- Observation and Hearing: Students must have the ability to observe demonstrations and experiments in the basic sciences, including but not limited to pharmacological and physiological demonstrations in animals, evaluation of microbiological cultures, and microscopic studies of microorganisms and tissues in normal and pathological states. Students must be able to observe a patient accurately at a distance and close at hand. Students must possess the auditory ability sufficient to monitor and assess health needs.
- Communication: Students must be able to communicate effectively and sensitively with patients in the English language. Students must be able to communicate effectively and efficiently in oral and written forms with all members of the health care team, staff, faculty members, and patients. Communication includes speech, reading, writing, and computer literacy.
- Sensory/Motor: Students must possess sufficient motor function to perform experiments in the basic sciences and execute movements to provide patient-centered care. This includes the fine and gross motor skills necessary to participate in laboratory exercises and to engage in the physical assessment of patients. In the laboratory setting, examples of these motor skills include the ability to operate lab equipment including microscopes, the use of sterile technique when handling microorganisms and operation of laboratory safety equipment. In the clinical setting, examples of required motor skills include palpation, auscultation, perform cardiopulmonary resuscitation, administer immunizations, and the ability to prepare all routine types of medications including sterile and non-sterile compounding.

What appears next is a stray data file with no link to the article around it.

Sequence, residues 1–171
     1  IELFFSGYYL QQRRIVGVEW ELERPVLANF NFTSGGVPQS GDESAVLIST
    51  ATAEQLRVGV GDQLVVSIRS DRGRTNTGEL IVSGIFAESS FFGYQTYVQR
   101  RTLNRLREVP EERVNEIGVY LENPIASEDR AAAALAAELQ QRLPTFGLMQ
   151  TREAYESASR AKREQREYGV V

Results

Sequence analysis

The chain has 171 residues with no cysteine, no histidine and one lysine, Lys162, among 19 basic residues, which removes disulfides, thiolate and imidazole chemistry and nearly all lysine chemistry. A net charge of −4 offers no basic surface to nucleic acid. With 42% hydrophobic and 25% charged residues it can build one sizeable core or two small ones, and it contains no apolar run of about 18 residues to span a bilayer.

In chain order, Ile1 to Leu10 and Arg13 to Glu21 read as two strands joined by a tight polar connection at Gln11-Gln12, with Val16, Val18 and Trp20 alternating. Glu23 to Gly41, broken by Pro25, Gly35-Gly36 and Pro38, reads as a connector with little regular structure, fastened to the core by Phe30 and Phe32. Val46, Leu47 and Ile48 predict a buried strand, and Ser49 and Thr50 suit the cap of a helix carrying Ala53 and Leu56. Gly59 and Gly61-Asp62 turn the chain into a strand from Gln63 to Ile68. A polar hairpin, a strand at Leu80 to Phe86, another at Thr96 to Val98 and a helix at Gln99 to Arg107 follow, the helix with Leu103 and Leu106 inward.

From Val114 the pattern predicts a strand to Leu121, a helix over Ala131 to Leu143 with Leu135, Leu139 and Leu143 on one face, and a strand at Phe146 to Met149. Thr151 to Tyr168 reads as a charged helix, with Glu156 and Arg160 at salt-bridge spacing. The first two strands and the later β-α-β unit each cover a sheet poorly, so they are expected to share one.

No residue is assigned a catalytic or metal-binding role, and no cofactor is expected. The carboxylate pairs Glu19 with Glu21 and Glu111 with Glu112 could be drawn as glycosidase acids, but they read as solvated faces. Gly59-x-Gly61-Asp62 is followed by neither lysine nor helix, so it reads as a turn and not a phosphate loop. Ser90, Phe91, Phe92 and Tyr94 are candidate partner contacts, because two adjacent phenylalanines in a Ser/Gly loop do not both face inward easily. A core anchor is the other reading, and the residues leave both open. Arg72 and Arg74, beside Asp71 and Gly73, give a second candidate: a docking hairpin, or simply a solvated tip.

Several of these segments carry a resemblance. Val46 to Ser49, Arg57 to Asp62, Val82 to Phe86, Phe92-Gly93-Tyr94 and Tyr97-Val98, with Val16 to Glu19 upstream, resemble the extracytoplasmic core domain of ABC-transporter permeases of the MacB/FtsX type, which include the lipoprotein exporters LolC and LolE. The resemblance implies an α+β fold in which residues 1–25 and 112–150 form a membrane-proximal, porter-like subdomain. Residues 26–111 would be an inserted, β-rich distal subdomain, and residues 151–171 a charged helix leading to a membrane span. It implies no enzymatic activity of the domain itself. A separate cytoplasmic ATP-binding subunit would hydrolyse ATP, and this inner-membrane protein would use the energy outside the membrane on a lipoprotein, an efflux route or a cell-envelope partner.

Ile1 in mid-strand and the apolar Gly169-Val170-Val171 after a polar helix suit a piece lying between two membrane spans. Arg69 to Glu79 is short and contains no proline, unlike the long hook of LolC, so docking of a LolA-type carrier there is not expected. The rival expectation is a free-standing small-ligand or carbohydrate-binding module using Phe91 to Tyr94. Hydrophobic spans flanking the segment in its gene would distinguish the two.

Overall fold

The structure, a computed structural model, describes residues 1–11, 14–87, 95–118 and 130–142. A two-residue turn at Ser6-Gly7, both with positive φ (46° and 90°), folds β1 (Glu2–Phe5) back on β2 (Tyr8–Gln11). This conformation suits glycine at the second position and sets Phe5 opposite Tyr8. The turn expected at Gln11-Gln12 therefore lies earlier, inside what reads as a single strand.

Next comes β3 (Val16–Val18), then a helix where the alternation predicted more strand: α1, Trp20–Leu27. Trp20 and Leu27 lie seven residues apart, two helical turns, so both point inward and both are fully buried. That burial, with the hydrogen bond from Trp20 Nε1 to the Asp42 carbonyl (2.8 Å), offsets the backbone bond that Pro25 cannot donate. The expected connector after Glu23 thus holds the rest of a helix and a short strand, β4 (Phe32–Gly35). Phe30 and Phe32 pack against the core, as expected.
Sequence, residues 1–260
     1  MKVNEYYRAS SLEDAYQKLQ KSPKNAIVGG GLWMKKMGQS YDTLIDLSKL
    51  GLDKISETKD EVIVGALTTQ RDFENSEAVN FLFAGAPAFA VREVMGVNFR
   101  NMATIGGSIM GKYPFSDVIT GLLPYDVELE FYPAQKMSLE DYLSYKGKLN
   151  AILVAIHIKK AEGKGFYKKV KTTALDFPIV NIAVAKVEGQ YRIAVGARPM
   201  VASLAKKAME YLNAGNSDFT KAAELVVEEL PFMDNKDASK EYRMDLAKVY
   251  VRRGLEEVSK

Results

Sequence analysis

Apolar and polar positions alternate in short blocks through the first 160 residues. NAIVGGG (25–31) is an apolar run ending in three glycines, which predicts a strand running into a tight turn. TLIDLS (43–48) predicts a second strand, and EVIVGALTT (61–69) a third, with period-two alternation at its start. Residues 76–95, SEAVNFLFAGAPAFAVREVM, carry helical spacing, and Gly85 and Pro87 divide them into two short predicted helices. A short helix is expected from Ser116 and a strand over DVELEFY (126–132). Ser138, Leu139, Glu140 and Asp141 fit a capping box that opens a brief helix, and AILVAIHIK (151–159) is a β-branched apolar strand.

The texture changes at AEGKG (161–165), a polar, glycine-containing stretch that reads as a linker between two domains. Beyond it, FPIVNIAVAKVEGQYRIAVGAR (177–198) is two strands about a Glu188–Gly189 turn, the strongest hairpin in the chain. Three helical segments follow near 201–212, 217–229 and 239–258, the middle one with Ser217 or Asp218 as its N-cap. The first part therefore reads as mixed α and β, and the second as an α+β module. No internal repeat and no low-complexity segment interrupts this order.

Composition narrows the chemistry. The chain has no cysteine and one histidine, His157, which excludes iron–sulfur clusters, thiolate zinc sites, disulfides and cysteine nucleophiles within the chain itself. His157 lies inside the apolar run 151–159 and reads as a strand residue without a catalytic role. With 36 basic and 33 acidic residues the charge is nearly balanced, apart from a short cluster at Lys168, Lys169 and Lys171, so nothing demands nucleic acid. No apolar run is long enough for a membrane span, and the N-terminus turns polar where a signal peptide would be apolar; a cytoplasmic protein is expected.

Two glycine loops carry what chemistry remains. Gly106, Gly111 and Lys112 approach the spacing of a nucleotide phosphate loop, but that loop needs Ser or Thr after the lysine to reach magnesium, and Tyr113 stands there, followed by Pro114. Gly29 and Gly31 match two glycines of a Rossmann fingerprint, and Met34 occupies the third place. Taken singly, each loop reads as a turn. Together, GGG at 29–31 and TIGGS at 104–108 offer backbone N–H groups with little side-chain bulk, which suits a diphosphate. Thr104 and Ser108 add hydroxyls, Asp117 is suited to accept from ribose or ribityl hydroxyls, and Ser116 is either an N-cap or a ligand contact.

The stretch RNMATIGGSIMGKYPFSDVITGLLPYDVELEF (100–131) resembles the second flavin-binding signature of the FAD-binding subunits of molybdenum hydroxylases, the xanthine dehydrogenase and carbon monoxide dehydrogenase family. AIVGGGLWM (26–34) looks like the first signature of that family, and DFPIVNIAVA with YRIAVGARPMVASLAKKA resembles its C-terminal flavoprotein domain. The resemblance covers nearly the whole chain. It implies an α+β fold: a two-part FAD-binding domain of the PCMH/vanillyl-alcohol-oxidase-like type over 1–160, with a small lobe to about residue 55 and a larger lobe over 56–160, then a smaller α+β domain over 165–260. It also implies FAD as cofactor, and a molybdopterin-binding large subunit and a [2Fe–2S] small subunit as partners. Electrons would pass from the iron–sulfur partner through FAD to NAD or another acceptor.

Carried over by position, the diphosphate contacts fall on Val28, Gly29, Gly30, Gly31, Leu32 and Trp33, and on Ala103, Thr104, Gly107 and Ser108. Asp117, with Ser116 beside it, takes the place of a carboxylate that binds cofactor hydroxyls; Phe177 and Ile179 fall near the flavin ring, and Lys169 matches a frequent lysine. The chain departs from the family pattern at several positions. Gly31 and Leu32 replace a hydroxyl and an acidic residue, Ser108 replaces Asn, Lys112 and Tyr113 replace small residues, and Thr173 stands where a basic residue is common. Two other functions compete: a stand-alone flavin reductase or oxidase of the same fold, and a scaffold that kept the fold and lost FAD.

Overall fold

- Behavioral and Social Attributes: Students must possess the emotional health required for full utilization of intellectual abilities. They must be able to tolerate physically, mentally, and emotionally taxing workloads, adapt to changing environments, and function effectively under stress. Students must possess compassion, honesty, integrity, maturity, interpersonal skills, concern for others, the ethical standards of the profession, and motivation to excel in the practice of pharmacy. Illicit drug use and alcohol impairment are not tolerated, and all students must submit to a criminal history check and periodic drug screens.
- Intellectual, Conceptual, Integrative and Quantitative Abilities: Students must be able to measure, calculate, reason, analyze, and interpret data. They must be able to synthesize and apply complex information. Students must possess the ability to integrate and process information promptly and accurately and to engage in problem solving.
Students must be able to meet the State Board of Pharmacy Licensing requirements to obtain a valid Louisiana Intern License, which is required to participate in the Professional Experience Program. Inability to obtain a Louisiana Intern License may prevent a student from continuing in the program and completing the requirements for graduation.